Some military families would see some co-pays decrease under a Senate proposal to change the Tricare fee structure, but retirees under age 65 would see a major fee hike.
Working-age retirees now pay no enrollment fees to join Tricare Select. The proposal would create a $450 annual enrollment fee for an individual and a $900 annual enrollment fee for a family, in addition to a new out-of-network deductible for this coverage group that could cost retirees even more.
Retirees in Tricare Prime would see their enrollment fee increase to $350 per individual, from the current $289.08, or to $700 per family, from the current $578.16.
“Our concern is that in the course of a year this would be the second major Tricare hike for retirees under age 65,” said Kathy Beasley, a retired Navy captain who is director of government relations for health care for The Military Officers Association of America.
This proposal doesn’t affect military retirees and their family members age 65 and older, who are in Tricare for Life. Active-duty families and working-age retirees/families could see some co-pays decrease, Beasley said, although not enough to offset the increase in enrollment fees for retirees.
The proposal, which is included in the Senate version of the defense authorization bill, was designed to fix a problem that caused higher co-pays for those eligible for Tricare before Jan. 1, when many of the Tricare reforms took effect.
The bill will go before the Senate for a vote, and the provision would then be considered in conference with House lawmakers. In its current form, if approved, the new cost structure would take effect Jan. 1, 2019.
“This provision would correct an inequity in the Tricare benefit among beneficiaries by establishing a single co-payment structure applicable to all Tricare beneficiaries,” stated a report accompanying the bill text. Senate Armed Services Committee members stated they were aware that those who were already in Tricare before the reform took effect in January were paying higher co-payments than beneficiaries who entered the military after Jan. 1.
But this provision doesn’t fix the overall problems with the new, higher co-pays introduced in January, said Karen Ruedisueli, government relations deputy director for the National Military Family Association. Instead, it “just increases overall out-of-pocket costs by hiking up retiree enrollment fees and the catastrophic cap while creating a new non-network deductible ― cost increases we’ve always opposed since Congress mandated them for new entrants and their families.”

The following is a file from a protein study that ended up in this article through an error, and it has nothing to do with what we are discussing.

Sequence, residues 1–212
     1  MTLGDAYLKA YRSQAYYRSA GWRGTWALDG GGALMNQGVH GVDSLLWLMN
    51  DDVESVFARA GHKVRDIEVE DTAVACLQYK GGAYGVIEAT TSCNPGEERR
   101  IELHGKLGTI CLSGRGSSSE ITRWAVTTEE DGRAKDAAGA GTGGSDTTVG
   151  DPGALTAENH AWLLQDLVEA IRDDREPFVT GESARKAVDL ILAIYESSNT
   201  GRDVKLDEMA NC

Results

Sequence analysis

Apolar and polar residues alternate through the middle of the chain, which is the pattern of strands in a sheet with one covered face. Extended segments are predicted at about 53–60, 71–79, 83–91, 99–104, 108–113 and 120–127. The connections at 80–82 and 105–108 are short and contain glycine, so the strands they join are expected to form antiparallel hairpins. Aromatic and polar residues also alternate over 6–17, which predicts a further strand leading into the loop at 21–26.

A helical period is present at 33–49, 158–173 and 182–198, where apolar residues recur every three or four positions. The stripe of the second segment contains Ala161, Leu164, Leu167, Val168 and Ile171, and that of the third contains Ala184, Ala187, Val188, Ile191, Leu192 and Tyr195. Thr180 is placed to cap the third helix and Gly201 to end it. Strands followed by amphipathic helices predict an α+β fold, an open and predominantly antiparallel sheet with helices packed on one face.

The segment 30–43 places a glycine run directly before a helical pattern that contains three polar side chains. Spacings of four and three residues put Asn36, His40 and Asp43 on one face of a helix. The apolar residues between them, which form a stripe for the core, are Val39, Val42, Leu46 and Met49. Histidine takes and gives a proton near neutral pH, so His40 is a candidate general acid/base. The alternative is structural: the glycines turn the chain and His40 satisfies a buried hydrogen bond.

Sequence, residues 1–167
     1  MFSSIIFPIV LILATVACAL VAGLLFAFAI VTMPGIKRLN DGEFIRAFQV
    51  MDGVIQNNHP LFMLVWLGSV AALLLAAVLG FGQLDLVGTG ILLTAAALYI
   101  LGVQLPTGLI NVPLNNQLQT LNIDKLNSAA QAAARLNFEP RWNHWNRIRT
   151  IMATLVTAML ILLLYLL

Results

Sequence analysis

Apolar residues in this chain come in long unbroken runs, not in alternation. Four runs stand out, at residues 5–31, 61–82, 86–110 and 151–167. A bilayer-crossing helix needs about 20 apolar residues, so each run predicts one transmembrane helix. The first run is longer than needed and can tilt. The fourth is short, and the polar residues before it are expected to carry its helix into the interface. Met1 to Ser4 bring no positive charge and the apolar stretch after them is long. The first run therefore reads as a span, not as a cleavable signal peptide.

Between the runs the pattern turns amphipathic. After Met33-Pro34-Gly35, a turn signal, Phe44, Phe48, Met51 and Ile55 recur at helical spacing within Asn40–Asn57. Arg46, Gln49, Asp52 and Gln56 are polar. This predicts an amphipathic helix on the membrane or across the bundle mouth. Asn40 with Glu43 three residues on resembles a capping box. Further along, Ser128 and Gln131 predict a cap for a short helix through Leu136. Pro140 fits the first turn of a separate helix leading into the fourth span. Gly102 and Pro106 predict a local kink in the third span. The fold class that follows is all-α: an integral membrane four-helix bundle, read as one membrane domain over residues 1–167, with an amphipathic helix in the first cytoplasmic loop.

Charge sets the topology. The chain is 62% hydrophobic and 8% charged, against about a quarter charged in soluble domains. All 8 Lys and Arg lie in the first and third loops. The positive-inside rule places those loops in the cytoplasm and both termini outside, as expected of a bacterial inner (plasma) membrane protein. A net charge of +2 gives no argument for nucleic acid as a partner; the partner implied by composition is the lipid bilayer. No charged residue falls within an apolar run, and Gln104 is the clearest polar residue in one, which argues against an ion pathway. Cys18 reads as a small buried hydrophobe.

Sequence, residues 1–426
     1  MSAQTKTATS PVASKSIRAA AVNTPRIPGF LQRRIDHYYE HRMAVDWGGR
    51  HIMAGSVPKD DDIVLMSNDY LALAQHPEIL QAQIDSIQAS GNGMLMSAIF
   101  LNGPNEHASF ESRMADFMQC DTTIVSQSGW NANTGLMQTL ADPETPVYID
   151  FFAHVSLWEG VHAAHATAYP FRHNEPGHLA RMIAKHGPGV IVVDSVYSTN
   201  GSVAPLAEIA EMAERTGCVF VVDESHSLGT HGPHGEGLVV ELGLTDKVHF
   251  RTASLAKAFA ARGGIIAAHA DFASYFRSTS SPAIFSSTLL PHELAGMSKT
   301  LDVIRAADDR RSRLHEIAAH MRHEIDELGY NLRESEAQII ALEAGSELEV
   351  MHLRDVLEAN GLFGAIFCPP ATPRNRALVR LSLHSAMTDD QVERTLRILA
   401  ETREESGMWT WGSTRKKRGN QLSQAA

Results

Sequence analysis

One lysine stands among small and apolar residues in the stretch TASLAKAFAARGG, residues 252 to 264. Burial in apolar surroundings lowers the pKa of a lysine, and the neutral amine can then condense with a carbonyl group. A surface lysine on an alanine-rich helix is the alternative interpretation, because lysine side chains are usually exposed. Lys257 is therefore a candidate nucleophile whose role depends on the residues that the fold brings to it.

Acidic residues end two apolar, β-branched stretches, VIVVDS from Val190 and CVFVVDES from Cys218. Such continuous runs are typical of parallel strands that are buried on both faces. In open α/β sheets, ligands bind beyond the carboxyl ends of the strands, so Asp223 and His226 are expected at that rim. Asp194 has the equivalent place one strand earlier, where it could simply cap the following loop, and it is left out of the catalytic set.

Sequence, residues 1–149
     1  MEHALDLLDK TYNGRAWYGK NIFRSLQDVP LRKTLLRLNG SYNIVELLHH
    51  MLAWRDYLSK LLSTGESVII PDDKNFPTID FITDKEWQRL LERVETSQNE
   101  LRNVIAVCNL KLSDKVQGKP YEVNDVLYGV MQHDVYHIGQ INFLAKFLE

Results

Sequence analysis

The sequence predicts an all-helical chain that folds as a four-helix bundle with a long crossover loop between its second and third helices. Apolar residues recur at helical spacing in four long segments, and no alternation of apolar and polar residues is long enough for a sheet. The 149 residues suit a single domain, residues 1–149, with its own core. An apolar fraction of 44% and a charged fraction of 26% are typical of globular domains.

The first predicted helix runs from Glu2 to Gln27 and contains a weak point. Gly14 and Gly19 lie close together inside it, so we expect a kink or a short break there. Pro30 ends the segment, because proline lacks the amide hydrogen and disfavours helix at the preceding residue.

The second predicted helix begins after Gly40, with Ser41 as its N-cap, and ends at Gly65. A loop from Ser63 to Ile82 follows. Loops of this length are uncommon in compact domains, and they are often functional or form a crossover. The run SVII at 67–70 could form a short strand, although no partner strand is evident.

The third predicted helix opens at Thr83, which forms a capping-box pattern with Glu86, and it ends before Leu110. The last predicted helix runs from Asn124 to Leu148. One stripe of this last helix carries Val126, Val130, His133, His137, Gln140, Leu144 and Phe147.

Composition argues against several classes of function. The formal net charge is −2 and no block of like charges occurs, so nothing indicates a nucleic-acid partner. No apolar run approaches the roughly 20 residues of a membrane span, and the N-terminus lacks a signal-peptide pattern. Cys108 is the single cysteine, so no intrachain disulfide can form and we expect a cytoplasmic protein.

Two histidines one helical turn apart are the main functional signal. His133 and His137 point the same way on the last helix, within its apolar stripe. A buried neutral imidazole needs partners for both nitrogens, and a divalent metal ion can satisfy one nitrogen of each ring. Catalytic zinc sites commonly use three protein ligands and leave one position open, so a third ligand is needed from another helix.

Working-age retirees and their families in Tricare Select would also be subject to a new out-of-network deductible of $300 for individuals and $600 for families ― which has to be met before Tricare begins paying its share of medical bills.
“We are particularly disappointed [the proposal] doesn’t fix the unreasonably high co-pays for the physical, speech, occupational and mental health therapies ― co-pays so high, we are concerned that families won’t follow recommended treatment plans,” Ruedisueli said.
“After months of problems with the Tricare contract transitions, including disruptions in care, network problems, and customer service nightmares, it is outrageous to ask families to pay more out-of-pocket,” Ruedisueli said.
“The Tricare fee increases which took effect on Jan. 1 were disproportionately high and broke faith with currently serving families and those who have served full careers,” Beasley said. “The addition of these new Senate-proposed fee increases do nothing but place a more disproportionate burden on military beneficiaries.”
The provision would benefit the Defense Department by lowering health care costs by about $2.8 billion over the period between 2020 and 2023, according to a cost estimate from the Congressional Budget Office. (CBO assumes this legislation wouldn’t be enacted in time to affect fees and enrollments for 2019.) CBO estimates that the average out-of-pocket cost for those in Tricare Select would be about $570 for individual retirees and $1,645 for those with families.
For those enrolled in Tricare before Jan. 1, the proposal would cut some in-network co-pays in the current fee schedule in Tricare Select. Some examples:
- Primary care outpatient visits would decrease from $21 to $15 for active-duty family members, and from $28 to $25 for retirees and their families.
- Specialty care outpatient visits would decrease from $31 to $25 for active-duty families, and from $41 to $40 for retirees and their families.
- Emergency services would decrease from $81 to $40 for active-duty families, and from $109 to $80 for retirees and their families.
Karen has covered military families, quality of life and consumer issues for Military Times for more than 30 years, and is co-author of a chapter on media coverage of military families in the book "A Battle Plan for Supporting Military Families." She previously worked for newspapers in Guam, Norfolk, Jacksonville, Fla., and Athens, Ga.